Agriculture has been slower than some other major industries to see disruption through new technology. But the opportunities in this area are fast being realised and there has been a lot of recent investment and start-up activity in agri-tech.
Unlike the highly controlled production environments in food manufacturing, crop production is less reliable, as production conditions are largely dictated by nature and are difficult to control. In addition to this, growers are under increasing pressure to keep costs down, increase levels of output through intensification (increasing yield per unit area), whilst simultaneously minimising environmental damage. Clearly, this poses great supply chain challenges. But technology can provide solutions to such challenges. One solution is combining Farming with precision agriculture.
Smart Farming refers to the use of information and communication technology in cyber-physical farm management. Technology such as the Internet of Things, cloud computing, robotics and artificial intelligence is expanding the possibilities that Smart Farming brings to growers.
Precision agriculture is an agricultural system based on farm management practices occurring at the right place, at the right time and with the right intensity.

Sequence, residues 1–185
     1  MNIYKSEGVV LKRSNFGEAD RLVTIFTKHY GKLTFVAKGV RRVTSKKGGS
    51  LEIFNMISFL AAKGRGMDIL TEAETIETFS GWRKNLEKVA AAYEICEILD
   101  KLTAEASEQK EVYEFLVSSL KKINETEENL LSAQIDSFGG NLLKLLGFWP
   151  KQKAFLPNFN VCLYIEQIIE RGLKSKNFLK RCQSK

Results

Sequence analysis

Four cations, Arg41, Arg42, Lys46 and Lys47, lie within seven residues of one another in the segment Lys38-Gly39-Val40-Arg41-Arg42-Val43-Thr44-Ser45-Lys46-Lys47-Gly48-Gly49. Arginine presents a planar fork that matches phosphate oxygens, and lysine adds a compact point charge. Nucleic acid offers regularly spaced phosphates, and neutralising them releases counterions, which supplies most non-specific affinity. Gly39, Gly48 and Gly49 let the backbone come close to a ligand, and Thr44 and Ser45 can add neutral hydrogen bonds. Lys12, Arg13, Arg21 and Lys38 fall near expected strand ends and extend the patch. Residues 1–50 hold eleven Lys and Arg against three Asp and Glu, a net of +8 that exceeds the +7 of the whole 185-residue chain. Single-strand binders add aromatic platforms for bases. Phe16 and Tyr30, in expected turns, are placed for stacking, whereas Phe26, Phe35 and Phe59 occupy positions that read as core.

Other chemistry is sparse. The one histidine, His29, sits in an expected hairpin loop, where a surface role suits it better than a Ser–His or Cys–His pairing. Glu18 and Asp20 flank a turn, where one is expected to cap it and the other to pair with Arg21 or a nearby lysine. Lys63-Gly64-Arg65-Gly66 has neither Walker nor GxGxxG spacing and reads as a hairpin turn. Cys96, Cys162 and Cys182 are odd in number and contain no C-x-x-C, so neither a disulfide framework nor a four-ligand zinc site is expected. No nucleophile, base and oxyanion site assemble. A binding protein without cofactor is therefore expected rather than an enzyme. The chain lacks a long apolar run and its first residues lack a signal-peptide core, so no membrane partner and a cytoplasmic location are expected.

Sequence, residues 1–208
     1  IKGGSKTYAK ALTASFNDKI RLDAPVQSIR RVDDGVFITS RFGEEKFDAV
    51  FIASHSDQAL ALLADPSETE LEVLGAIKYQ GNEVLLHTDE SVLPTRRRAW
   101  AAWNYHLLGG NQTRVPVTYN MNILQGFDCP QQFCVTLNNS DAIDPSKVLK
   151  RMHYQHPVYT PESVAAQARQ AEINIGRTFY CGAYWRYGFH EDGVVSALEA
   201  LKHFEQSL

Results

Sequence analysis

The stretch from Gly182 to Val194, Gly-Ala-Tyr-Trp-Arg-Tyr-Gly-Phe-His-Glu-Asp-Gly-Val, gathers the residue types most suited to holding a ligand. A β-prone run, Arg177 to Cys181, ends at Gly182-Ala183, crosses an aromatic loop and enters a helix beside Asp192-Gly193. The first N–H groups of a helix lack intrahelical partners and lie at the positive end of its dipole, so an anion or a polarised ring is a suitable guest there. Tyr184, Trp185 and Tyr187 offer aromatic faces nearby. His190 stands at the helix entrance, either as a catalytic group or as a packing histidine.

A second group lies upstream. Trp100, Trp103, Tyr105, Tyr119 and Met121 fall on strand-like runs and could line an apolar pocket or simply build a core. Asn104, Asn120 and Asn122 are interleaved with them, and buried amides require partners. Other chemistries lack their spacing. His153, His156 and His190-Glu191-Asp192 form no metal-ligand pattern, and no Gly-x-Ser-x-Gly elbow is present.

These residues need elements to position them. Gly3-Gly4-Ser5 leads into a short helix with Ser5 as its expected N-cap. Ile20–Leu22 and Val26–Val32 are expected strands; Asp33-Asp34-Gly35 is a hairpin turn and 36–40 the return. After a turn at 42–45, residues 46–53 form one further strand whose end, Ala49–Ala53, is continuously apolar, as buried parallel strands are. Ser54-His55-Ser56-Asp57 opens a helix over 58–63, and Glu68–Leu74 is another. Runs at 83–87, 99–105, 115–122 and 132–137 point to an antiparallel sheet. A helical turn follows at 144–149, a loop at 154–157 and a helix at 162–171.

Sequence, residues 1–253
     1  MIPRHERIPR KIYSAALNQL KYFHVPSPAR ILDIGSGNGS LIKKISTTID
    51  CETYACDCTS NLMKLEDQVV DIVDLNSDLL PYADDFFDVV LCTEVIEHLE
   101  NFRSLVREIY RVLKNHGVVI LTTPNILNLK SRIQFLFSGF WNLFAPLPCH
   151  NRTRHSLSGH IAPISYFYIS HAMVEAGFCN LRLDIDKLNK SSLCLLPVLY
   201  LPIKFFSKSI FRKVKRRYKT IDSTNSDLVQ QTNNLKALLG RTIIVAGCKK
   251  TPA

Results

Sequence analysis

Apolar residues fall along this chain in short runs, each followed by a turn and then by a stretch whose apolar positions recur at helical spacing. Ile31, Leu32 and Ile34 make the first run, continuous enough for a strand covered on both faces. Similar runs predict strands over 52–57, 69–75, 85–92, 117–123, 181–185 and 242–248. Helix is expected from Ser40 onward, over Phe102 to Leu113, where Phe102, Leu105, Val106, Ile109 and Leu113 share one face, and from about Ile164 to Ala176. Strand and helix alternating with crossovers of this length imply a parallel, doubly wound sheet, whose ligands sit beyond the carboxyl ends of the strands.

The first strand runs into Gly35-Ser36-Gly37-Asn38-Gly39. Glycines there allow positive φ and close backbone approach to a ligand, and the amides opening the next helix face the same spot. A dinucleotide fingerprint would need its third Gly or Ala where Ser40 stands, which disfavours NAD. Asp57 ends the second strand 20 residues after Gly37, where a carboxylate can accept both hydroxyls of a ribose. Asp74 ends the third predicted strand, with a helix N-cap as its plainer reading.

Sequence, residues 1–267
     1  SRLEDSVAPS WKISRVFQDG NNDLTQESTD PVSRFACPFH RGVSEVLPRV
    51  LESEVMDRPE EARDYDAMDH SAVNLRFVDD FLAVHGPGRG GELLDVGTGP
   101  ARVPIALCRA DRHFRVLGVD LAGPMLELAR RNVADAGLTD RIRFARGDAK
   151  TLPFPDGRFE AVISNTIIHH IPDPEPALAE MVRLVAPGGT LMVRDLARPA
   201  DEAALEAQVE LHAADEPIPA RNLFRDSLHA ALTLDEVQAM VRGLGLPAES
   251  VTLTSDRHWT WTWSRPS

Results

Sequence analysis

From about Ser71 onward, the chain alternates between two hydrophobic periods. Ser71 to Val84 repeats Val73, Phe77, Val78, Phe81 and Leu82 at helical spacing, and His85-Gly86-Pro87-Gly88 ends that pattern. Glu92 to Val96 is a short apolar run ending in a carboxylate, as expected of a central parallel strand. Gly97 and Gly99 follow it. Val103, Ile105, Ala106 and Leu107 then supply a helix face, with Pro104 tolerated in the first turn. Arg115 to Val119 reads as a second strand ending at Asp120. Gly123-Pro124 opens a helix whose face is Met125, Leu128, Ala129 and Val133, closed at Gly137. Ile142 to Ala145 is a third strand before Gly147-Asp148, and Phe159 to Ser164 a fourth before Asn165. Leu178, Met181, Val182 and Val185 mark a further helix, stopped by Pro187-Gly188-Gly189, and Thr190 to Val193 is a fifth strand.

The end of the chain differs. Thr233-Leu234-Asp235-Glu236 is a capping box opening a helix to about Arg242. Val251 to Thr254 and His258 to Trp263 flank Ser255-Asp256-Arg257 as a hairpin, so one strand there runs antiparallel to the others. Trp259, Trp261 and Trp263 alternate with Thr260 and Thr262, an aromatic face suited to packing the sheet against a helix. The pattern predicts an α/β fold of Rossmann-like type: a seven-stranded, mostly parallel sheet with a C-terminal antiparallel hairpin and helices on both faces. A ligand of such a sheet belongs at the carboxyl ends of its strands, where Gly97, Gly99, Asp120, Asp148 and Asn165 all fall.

One example of robotic precision agriculture comes from Small Robot Company, a UK agri-tech start up, offering a “farming as a service” (FaaS) model. This model is based on a series of small robots, each with different capabilities and a different role to play in the system. One collects accurate and up-to-date crop information at individual plant level. Another analyses this data and gives instructions to a further two robots, based on advice from leading agronomists and the UK Government’s Agriculture and Horticulture Development Board.
A third robot fertilises the crop and controls weeds, either through a micro-spray of chemicals, burning or crushing. A fourth robot has a robotic drill to plant seeds and records where the seeds have been planted. Under this system, attention is given to plants on a targeted basis. This system reduces chemical waste and environmental pollution from untargeted spraying and reduces soil compaction resulting from traditional large, heavy machinery, improving plant growth and therefore yield.